Self-Report Measures: VEHSS contains estimates of individuals who reported difficulties with their vision during their survey responses to the ACS, Behavioral Risk Factor Surveillance System (BRFSS), National Health Interview Survey (NHIS), and the National Survey of Children’s Health (NSCH). These estimates represent people with both correctable and uncorrectable vision problems. Estimates from these sources are sensitive to question wording and the data collection mode (Rein et al. Vision Impairment and Blindness Prevalence in the United States: Variability of Vision Health Responses across Multiple National Surveysexternal icon). The VEHSS vision loss prevalence estimates use two sources of survey self-reported information (ACS and NSCH) to estimate variations in vision loss and blindness geographically (ACS) and among children (NSCH).
Measured Acuity: VEHSS contains national prevalence estimates of measured, correctable and uncorrectable visual acuity deficits from NHANES. The VEHSS vision loss prevalence estimate uses this information and population-based study data to estimate the total number of people with vision loss and blindness in 2017. The original NHANES estimates are available on the VEHSS Data Explorer but are only available at the national level and were last collected in 2008.
The VEHSS Data Explorer also contains information on patients with measured vision impairment or blindness as measured by ophthalmologists and reported to the IRIS Registry©. The IRIS Registry© data can be used to look at state and population differences but are only applicable to people who visited an ophthalmologist and participated in the IRIS Registry©. Finally, the VEHSS Data Explorer contains a review of selected published vision examination studies. Published results from some of these studies were used to create the VEHSS vision loss prevalence estimate.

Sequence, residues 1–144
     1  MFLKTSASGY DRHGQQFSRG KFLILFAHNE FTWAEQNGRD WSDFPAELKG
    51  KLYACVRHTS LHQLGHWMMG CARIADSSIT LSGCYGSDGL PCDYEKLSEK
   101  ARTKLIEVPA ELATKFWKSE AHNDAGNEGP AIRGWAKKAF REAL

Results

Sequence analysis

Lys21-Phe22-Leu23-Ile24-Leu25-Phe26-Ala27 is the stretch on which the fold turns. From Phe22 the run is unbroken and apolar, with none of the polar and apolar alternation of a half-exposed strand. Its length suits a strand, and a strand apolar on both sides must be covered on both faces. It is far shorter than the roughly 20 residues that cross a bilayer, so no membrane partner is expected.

Utilization Measures: The VEHSS Data Explorer contains information on using health services related to vision problems as coded in insurance claims information obtained from Medicare, Medicaid, commercial medical insurance (MarketScan), and managed vision care (VSP) programs, as well as services included in ophthalmology electronic health records summarized by the IRIS Registry©. These estimates measure the proportion of patients who received at least one medical service coded with a diagnosis code for vision impairment or blindness. These measures can be used to assess the proportion of people who received services for diagnosed vision problems.
Using the VEHSS Composite Estimates of Vision Loss is CDC’s best way to estimate the percentage of US residents that have vision loss and blindness, where they live, and who they are. These estimates are based on uncorrectable visual acuity loss, and therefore represent permanent vision loss that cannot be corrected with glasses. These differ from survey self-report measures, which represents self-assessed visual function, presents acuity loss included in NHANES, and measures visual acuity based on a persons’ current use of glasses or contacts.
Users should consider these differences in measures when deciding if the composite estimates of vision loss, survey self-report, or other data sources are most appropriate to answer their research question when considering which source best matches their objectives.